Teaching a workshop at the Architecture School Paris-Malaquais (8–12th of February 2021). By Madlen Anipsitaki

I have stretched ropes from bell-tower to bell-tower; garlands from window to window; chains of gold from star to star, and I dance.

Arthur Rimbaud, Illuminations

In Fairy tales, Francis Alÿs unfolded his pull-over’s thread in the city. Fairy tale, idea, limit, bond, trail, the thread makes up a light and ephemeral architecture in the city.

Context and objectives

The confinement reveals the need for public spaces to meet people outside one’s “strict family nucleus” or even strangers. Biopolitical power (i.e., power over the lives…


An essay by Panos Giannikopoulos

“ Feel then that I’m near springs, pools and waterfalls, all with abundant waters. And I free.
Hear me, hear my silence. What I say is never what I say but instead something else. When I say “abundant waters” I’m speaking of the force of body in the waters of the world.”

Clarice Lispector. “Água Viva”.

Madison Bycroft, The Fouled Compass, 2020, Single Channel digital video, Colour, Sound, 23:28

We start with a body and its skin, a boundary, a way of detaching oneself from the rest of the world, or a porous membrane, an opening of fluid exchanges with it. We align ourselves with a flow of…


An essay by Angeliki Tzortzakaki

Selin Davasse, performance documentation, , Istanbul, 2018. Courtesy of the artist.

Dear,

“A lone island is part of an endless free-thinking and lost imagination. However, an archipelago signifies relations of un-relation between each island. Humans often think each island in an archipelago resembles the others. It is not true. Although each island forms part of a terrestrial totality, they are not all the same. An archipelago creates conditions that function to justify exceptions.”²

I recently read this, and it made me think of our endless conversations about islands, a recurrent theme in our friendship in the past years. As we often spoke about ways to enact…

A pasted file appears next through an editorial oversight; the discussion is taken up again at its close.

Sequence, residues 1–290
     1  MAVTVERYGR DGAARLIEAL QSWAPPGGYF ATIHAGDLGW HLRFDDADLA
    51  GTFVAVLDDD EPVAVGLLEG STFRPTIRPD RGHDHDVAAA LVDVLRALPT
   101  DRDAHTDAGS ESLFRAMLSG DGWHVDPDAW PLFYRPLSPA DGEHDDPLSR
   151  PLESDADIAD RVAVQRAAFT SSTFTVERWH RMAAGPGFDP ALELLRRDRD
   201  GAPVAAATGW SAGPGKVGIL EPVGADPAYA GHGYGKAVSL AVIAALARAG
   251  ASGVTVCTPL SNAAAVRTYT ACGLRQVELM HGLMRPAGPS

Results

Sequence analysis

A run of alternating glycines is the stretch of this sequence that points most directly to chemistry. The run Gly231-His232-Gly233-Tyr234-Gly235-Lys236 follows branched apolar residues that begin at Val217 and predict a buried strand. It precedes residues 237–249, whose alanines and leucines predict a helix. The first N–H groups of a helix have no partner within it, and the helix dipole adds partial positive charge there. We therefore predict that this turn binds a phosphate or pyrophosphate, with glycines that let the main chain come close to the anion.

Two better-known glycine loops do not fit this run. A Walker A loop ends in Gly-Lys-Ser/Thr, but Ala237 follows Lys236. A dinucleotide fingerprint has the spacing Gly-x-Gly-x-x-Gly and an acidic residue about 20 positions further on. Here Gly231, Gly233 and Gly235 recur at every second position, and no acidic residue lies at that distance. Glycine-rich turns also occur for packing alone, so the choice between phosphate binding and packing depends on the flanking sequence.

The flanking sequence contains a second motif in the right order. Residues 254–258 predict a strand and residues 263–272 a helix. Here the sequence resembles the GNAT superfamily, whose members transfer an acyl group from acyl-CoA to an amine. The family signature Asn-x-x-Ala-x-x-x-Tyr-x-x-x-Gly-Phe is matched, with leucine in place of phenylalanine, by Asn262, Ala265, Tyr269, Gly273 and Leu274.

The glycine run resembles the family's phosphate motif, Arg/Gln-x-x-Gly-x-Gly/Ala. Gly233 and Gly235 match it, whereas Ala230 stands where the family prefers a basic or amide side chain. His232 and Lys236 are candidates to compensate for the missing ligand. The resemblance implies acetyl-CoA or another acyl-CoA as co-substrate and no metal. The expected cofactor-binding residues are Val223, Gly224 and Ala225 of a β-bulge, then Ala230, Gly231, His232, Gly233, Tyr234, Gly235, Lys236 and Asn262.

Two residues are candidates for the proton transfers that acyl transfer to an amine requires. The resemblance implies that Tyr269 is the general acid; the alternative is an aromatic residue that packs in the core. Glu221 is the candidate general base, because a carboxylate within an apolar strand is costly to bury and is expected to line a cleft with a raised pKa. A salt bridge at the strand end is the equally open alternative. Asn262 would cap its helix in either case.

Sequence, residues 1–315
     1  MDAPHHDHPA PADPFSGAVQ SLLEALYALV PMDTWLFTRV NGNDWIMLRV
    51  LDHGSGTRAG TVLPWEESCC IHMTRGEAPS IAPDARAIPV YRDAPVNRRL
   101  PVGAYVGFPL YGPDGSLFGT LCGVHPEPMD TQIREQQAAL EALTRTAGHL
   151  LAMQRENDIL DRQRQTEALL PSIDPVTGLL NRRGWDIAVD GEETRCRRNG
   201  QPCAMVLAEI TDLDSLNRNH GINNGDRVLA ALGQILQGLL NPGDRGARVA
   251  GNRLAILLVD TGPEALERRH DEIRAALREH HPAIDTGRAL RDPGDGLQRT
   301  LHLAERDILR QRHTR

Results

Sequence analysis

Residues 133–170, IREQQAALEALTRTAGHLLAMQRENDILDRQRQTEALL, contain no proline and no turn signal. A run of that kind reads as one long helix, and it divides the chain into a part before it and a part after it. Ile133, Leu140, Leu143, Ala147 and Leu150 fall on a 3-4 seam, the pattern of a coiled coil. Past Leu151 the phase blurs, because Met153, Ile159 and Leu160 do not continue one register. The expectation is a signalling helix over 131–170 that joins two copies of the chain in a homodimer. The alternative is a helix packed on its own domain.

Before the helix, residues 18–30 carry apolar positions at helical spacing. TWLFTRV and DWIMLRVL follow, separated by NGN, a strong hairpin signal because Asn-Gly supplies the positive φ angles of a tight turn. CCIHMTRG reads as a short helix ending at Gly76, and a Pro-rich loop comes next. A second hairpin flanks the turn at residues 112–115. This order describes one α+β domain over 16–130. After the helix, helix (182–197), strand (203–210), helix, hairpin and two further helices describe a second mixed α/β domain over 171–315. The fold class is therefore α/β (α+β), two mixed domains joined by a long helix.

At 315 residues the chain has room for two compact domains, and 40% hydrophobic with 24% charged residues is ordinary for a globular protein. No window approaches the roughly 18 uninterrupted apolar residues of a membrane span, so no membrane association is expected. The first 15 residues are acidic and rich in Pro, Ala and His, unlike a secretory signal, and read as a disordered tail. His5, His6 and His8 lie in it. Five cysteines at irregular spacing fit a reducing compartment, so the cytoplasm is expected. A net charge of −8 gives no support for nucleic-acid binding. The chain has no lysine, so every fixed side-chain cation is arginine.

An essay by Christian Oxenius

Alkistis Mavrokefalou. Photo courtersy of the artist

What I am proposing to read Alkistis Mavrokefalou’s work is a curious short story of darkness and light. It is a story that begins with some of contemporary philosophy’s darkest and nihilistic lines about civilisation, western thought and even humanity as a whole brought to us by Emil Cioran. There is one specific passage from his “A short history of decay” which I want to go back to:

“What complicity, what bonds extend us into an intimacy with time? Life would be intolerable without the forces that deny it.”

(Emil Cioran, “Certain Mornings” in A…


An essay by Christian Oxenius

Ionian Bisai. Photo credit: Kanaris Tsiganos

Moving image, since its first use, has given artists and cineastes a tool to link the real and the phantastic, the experienced and the unimaginable, the monumental and the deepest individual feeling. The monumental and the individual, it is from this dichotomy that I’d like to start to reflect on the work of Ionian Bisai and by extension of the collective Latent Community which he formed with Sotiris Tsiganos in 2017. I want to do so because although diverse in subject and style many of the works I had the pleasure to see, present us…


Maria Sideri’s

An essay by Christian Oxenius

(Above) Portrait of Valentine de Saint Point Agence de presse Meurisse, Bibliothèque nationale de France. (Below) Album Reutlinger de portraits divers, vol. 42, photographie positive, Valentine de Saint, Date: between 1875 and 1917, National Library of France (BnF)